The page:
Tuesday’s editions of the dailies ‘Het Laatste Nieuws’ and ‘De Morgen’ report that the police issued more than 3.3 million speeding fines last year.
More than 830,000 of these were issued for speeding offences committed by the drivers of company cars. This is around one quarter of the fines issued, while company cars make up just 15% of all cars registered in Belgium.
This relatively high percentage can in part be explained by the fact that on average company cars are used more than privately-owned cars. However, in some cases drivers of company cars believe that their employers will pay their speeding fines.
Fines to go straight to the driver
Due to a legal loophole, drivers of leased cars can be acquitted if they don’t pay traffic fines. This serves to create a state of impunity for the drivers of leased cars when it comes to speeding and other traffic offences.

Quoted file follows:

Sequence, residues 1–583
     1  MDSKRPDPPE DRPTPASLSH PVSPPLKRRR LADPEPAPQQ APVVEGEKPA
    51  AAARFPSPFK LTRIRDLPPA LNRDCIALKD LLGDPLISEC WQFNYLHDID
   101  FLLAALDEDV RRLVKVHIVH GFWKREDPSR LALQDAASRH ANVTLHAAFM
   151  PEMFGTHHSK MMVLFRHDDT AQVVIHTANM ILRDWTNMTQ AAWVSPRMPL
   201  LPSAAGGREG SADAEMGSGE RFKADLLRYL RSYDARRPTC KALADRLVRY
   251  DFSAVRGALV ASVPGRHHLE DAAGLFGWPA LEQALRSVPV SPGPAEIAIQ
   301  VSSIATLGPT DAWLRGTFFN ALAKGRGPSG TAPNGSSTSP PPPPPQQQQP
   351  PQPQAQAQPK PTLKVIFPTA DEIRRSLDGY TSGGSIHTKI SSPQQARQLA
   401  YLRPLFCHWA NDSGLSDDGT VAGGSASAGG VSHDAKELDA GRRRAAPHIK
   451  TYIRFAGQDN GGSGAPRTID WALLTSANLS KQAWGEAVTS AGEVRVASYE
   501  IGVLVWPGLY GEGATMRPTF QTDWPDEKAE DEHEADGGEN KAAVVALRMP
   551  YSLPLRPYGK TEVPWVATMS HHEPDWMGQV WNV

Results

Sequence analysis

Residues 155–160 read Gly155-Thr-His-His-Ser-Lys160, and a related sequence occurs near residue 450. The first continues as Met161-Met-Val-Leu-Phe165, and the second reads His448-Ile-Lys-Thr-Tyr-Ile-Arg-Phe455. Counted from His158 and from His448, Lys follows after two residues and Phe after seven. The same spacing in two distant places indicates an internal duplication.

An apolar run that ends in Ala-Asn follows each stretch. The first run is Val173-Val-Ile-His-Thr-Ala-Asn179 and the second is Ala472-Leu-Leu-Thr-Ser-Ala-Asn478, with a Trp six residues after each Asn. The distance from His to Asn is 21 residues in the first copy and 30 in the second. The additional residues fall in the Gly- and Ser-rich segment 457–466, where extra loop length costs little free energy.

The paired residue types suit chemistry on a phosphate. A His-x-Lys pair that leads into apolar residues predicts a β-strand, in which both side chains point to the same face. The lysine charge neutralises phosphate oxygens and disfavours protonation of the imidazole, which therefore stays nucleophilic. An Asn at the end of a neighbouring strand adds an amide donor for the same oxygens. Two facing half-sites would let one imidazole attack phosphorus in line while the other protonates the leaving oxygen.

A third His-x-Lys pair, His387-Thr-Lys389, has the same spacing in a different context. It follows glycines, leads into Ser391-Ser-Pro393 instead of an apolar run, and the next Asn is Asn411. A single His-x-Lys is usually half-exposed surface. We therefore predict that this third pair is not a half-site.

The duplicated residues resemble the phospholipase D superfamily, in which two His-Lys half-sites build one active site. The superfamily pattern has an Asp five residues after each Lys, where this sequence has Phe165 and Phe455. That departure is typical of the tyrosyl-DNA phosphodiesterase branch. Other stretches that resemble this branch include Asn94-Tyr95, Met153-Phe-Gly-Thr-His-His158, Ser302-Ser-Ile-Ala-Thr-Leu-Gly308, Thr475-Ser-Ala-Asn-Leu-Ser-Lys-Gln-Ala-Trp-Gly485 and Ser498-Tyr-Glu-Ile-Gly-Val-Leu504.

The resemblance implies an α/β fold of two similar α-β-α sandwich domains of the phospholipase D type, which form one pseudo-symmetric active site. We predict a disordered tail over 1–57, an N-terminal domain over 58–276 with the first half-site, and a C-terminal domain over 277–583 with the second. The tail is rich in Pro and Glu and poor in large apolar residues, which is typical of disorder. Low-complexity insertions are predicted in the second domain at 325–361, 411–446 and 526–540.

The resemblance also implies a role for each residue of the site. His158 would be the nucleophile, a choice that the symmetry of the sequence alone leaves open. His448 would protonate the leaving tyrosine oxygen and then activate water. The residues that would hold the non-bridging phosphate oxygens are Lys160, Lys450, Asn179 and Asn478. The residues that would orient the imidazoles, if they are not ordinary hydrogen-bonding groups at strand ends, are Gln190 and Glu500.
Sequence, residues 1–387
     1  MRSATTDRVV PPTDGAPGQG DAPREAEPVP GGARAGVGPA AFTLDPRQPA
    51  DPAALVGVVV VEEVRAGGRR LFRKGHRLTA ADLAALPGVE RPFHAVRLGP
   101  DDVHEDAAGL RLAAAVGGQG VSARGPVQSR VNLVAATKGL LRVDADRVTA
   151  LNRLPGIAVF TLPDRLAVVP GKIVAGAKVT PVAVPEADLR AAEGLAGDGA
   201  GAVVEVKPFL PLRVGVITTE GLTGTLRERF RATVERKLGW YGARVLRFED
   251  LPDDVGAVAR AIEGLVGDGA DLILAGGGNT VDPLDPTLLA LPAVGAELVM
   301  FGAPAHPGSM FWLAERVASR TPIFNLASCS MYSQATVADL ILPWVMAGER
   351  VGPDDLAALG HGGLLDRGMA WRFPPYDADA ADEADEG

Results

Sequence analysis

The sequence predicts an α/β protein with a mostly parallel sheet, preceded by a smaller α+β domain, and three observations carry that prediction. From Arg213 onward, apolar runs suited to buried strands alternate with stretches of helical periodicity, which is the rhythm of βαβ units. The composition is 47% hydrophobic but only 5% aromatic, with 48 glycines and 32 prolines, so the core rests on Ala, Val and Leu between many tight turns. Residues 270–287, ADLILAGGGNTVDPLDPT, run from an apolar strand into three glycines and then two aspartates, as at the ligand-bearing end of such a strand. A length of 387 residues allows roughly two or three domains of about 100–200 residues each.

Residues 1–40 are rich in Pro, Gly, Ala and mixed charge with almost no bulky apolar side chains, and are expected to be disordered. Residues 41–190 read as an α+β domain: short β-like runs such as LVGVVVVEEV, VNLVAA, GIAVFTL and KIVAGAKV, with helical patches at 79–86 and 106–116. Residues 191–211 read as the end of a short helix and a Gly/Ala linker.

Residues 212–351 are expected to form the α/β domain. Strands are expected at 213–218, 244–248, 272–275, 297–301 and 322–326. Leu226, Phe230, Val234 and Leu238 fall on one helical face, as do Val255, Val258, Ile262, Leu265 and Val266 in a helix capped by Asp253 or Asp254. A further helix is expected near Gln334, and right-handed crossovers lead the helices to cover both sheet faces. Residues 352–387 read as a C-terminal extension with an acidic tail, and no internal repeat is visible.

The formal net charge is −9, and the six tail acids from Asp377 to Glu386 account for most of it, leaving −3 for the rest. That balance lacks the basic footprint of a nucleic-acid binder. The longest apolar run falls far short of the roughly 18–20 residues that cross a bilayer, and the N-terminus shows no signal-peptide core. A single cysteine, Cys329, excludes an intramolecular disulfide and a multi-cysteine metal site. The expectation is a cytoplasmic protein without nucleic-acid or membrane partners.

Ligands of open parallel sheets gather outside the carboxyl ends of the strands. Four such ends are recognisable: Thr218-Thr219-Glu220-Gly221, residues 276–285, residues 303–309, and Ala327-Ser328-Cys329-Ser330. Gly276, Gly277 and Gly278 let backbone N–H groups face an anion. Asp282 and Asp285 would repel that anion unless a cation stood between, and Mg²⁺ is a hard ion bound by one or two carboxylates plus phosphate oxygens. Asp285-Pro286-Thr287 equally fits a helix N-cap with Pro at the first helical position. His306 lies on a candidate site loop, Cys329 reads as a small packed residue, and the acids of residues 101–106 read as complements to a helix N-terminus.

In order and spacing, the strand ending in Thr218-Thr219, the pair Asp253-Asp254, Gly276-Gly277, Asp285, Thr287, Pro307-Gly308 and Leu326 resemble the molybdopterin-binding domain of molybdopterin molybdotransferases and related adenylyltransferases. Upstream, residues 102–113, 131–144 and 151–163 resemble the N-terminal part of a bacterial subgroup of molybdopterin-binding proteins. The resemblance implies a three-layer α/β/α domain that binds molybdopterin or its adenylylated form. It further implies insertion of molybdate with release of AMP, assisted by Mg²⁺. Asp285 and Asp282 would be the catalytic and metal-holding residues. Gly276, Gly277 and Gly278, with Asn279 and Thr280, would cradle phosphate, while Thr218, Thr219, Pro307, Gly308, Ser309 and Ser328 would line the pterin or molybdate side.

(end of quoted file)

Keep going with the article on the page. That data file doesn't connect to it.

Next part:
The situation has come about as many fines are sent to the leasing company rather than directly to the driver.
In order to address the issue, the Federal Transport Minister Jacqueline Galant (Francophone liberal, photo) is to launch a pilot project with the leasing companies.
A new database will enable police officers issuing traffic fines to find out which company is leasing the car and who its designated driver is. As under the new system the fine will be issued to the speeding driver directly, it will no longer lose its evidential value in the eyes of the court.